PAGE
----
When the seed catalogues start diving through the letterbox you know spring is nearly here. For the avid gardener and plantaholic there is nothing nicer than settling into a comfy chair surrounded by seed catalogues, botanical reference books and a drink of something special, hot chocolate is a good winter choice!
Many gardeners have a favourite supplier chosen perhaps for value for money, familiarity or just because they have always used that company. But when you want something really special, maybe something for the secret plant hunter within, you need to spread the net a bit wider.
The internet today enables gardeners to source seed from across the world, but many seed companies already do this for us and some actually commission growers around the world to sow and harvest seed from obscure botanical delights for our delectation.
Seed catalogues are like a fabulous tray of chocolates, or an exclusive range of pick ‘n’ mix, once you delve in you just can’t help yourself and when you have a greenhouse there’s very little on offer that you can’t grow. No matter how big your greenhouse, it soon fills up in spring with germinating seedlings and hundreds of young plants. It’s an exciting time and it gets better by the day.
A good seed catalogue transports you from your chair into a dream world of gardens, full of promises of what will grow and vistas of colour, taste and intrigue. And one of the best things is that each packet of seed costs less than a pint and sometimes even less than a half. Compare the enjoyment you get from one packet of seed to the momentary delight of a swift half down the pub; the seeds win it every time for me, not that I touch alcohol of course.
This year, try something different, grow something radical and enjoy the challenge. Take a look at the Chiltern Seeds Catalogue; it’s so full of intrigue, story and delight you could read it on a train with a smile on your face. Never mind the Kindle or any other electronic device, give me a good book or a good seed catalogue any day, you can fold over the pages, write in the margins and generally flick forward and back forever. The Chilterns catalogue is a labour of love and for readers often a real botanical challenge. After almost every few pages I am wracking my brain for an image or common name of the plant described. It’s great revision and a brilliant way to familiarise yourself with less common plants. And I’ll admit I’ve been tempted. The margins in my catalogue are daubed in pen all over and I know I must go back and prune that wish list. At first it was one asterisk beside what I was going to order. Then a double asterisk meant definite and now I have to edit even those.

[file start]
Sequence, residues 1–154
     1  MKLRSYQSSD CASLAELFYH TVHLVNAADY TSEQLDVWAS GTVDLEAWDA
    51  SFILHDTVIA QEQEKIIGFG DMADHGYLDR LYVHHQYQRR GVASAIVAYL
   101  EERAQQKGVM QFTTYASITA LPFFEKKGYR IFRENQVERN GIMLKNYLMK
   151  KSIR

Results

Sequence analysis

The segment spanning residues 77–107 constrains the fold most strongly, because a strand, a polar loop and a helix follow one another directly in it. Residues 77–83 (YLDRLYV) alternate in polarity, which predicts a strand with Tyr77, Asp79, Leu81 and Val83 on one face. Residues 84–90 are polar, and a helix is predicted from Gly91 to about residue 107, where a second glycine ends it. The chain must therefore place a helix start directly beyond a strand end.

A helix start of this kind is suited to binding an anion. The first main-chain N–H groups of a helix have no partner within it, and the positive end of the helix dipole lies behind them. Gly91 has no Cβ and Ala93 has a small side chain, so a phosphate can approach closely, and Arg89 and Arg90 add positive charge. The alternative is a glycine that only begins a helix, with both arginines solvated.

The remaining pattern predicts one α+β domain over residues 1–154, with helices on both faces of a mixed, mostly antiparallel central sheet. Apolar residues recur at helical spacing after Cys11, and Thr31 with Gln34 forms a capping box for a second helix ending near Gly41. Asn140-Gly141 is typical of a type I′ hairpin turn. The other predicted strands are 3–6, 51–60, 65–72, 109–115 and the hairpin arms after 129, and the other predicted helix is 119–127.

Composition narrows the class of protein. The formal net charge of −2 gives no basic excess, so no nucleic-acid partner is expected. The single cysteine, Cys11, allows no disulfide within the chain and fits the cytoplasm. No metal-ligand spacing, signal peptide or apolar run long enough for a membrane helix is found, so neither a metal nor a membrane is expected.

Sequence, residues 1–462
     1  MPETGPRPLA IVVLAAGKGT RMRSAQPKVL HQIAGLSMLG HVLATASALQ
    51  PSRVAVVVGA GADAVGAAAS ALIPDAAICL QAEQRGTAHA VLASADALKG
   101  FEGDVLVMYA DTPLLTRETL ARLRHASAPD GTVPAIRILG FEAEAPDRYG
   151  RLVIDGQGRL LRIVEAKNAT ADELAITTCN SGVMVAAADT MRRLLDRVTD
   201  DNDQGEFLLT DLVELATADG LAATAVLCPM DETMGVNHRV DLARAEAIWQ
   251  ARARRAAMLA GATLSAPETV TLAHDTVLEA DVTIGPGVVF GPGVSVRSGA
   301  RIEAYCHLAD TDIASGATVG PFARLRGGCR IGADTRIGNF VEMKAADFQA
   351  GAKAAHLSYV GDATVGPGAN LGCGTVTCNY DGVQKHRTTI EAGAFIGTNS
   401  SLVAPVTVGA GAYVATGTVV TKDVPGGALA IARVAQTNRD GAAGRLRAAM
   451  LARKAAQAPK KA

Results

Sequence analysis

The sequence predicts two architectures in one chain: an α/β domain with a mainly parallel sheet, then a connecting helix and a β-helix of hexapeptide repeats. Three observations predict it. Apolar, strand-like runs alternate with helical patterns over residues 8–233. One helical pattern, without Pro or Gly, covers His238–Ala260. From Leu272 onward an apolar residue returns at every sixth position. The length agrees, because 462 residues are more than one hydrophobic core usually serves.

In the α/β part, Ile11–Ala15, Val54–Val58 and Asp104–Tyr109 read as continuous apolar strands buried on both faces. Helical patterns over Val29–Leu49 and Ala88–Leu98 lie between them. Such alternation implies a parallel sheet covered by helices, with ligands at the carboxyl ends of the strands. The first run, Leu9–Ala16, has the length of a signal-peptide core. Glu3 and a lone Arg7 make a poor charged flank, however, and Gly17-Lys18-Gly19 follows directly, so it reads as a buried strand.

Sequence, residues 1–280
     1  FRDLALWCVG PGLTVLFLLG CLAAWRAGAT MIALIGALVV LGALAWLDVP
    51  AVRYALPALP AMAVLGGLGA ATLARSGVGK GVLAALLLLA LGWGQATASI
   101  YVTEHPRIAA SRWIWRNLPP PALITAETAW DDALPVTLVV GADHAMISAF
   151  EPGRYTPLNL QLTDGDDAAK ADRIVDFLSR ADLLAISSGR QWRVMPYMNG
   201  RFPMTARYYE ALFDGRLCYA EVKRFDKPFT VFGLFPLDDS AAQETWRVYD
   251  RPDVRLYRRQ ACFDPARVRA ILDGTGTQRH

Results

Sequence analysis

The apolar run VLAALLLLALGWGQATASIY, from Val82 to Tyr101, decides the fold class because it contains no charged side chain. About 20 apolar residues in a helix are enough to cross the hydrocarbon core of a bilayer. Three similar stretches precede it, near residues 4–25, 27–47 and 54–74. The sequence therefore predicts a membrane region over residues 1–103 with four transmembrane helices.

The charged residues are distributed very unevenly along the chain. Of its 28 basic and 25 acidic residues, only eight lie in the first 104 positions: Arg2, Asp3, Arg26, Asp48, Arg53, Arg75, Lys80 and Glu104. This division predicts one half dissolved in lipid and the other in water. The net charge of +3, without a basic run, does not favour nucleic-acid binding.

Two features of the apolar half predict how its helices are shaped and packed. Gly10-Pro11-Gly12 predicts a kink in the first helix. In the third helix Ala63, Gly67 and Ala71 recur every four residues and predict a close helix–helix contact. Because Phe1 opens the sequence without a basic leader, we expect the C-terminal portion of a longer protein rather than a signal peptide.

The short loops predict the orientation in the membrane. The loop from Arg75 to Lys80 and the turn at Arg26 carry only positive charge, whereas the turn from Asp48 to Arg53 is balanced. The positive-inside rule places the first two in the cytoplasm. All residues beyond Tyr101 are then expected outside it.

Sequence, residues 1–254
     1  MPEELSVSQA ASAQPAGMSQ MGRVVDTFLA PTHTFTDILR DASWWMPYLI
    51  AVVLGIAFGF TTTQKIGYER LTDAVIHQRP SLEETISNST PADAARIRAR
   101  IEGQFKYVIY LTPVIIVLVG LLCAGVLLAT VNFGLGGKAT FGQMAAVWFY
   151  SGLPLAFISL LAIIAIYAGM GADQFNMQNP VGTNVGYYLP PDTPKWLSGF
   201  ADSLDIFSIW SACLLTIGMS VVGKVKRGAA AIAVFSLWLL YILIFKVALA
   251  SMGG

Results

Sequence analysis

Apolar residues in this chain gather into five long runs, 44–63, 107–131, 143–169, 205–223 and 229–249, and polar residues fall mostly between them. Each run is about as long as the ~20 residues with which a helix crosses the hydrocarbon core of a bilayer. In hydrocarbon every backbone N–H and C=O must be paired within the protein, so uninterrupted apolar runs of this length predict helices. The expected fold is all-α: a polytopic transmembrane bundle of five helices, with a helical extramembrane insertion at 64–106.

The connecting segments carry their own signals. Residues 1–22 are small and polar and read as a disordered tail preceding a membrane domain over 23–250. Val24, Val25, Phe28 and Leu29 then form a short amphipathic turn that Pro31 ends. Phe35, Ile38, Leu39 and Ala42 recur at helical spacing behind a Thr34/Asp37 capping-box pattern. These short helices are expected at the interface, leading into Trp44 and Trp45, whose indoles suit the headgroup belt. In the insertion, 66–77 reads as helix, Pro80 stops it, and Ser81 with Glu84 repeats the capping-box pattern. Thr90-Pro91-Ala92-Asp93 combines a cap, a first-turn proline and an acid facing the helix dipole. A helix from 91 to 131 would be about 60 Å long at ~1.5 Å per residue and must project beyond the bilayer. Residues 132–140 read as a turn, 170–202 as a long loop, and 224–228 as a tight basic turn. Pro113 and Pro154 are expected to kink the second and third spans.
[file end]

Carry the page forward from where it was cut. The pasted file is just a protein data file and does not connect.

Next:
But the prose is a delight and how can we resist. Here’s one on my list, the description is divine and I am weak with anticipation of the first flower. I’ll leave it to you to find it yourselves, I don’t want it selling out even before I’ve got my order in!
“You’ll love this plant! It’s one to cheer up the saddest soul even on dull summer days. Not one to hang around, it quickly produces mounds of deliciously aromatic, silvery foliage and bears from June until the furnace is damped down for the winter in early autumn copious flames of brilliant light orange flowers. The bees love them, your flower arranger will illuminate shady corners of the parlour with them and all this in the first year from seed.”
Wow how can you resist. I can’t and it’s just one of dozens that will be sown under glass in my greenhouse this spring, well if there’s any of them left.